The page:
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Author terry.reedy
Recipients bignose, crkirkwood, docs@python, georg.brandl, r.david.murray, terry.reedy
Date 2014-11-14.21:03:34
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David is correct that the current phrasing is correct.  The phase 'x has a boolean value of True' means 'bool(x) is True', which is always true for match objects, as well as for non-zero numbers, non-empty collections, and many other things.  This does *not* imply equality between the object and its boolean value.  In fact, nearly all objects are not equal to their boolean value.  Clayton could just as well as have written "blah = 'a'" or "blah = 1 + 1j" and gotten the name non-surprising result.

There is nothing special about boolean values in this respect.  The string value of x is str(x) and in general, x != str(x).  (This also sometimes confuses people.)  Similarly, if x has an integral value int(x), it does not necessarily equal that value: int(3.1459) != 3.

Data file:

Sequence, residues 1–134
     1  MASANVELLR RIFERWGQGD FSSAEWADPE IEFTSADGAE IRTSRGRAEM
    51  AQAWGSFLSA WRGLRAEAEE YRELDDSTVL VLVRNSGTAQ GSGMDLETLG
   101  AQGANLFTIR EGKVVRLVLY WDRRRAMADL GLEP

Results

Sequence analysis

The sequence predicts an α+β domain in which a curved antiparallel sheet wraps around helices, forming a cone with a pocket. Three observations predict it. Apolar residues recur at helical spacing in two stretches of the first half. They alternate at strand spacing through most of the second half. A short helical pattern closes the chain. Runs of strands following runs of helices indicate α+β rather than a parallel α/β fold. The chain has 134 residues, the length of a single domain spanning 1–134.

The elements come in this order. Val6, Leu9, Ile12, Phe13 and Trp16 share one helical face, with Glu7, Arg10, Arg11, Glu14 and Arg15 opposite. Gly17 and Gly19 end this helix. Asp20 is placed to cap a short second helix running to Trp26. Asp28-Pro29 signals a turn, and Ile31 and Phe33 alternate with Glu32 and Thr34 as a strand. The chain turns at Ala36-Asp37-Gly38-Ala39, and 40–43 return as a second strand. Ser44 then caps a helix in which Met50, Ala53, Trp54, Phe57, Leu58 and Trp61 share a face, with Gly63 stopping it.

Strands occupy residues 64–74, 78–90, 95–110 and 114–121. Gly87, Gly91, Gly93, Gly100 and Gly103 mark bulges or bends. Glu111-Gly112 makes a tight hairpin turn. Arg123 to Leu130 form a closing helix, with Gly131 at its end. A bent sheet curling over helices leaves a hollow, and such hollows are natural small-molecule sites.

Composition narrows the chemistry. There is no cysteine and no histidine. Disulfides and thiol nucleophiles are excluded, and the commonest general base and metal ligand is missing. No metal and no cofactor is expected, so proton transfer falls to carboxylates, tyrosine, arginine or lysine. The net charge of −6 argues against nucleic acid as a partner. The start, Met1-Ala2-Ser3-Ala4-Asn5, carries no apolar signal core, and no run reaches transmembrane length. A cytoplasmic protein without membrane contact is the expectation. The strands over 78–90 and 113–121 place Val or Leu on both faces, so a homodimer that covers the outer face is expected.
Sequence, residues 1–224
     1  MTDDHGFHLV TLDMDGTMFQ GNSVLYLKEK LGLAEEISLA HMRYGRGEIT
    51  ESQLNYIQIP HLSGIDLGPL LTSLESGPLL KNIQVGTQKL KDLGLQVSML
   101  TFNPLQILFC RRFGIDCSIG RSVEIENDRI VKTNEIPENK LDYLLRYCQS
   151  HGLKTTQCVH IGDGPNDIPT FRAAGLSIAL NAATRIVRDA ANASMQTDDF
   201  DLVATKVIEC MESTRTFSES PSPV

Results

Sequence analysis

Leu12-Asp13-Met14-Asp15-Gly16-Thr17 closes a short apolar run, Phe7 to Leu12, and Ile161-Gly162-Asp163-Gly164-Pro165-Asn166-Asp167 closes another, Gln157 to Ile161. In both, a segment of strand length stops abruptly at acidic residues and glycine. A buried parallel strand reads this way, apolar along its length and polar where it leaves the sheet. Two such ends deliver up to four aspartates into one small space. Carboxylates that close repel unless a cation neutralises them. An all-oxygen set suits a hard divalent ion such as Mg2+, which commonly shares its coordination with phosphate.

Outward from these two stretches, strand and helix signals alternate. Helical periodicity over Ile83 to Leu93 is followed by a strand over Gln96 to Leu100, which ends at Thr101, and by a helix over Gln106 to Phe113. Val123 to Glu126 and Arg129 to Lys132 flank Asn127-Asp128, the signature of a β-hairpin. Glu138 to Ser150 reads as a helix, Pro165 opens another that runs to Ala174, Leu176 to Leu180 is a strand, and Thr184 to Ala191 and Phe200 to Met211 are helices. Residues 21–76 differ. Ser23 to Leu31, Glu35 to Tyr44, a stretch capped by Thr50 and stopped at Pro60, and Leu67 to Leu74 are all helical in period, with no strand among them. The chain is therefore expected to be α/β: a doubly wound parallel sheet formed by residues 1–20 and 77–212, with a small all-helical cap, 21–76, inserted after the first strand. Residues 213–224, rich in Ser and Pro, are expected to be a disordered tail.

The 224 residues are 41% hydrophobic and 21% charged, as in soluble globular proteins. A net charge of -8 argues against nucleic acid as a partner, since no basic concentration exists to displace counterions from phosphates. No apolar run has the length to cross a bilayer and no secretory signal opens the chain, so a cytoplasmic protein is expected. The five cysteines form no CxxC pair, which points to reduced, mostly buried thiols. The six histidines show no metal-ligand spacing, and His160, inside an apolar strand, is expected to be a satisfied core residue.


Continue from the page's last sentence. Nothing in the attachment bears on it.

I think the doc is fine as is.  The fact that "3 is considered to be '3' in a display context" does not mean that we do not write "the string value of 3 is '3'".  It is fundamental to Python that essentially all objects o have a string value str(o) and a boolean value bool(o) and that those mappings are sometimes used automatically for display and logic.
Date User Action Args
2014-11-14 21:03:34terry.reedysetrecipients: + terry.reedy, georg.brandl, r.david.murray, docs@python, bignose, crkirkwood
2014-11-14 21:03:34terry.reedysetmessageid: <>
2014-11-14 21:03:34terry.reedylinkissue22843 messages
2014-11-14 21:03:34terry.reedycreate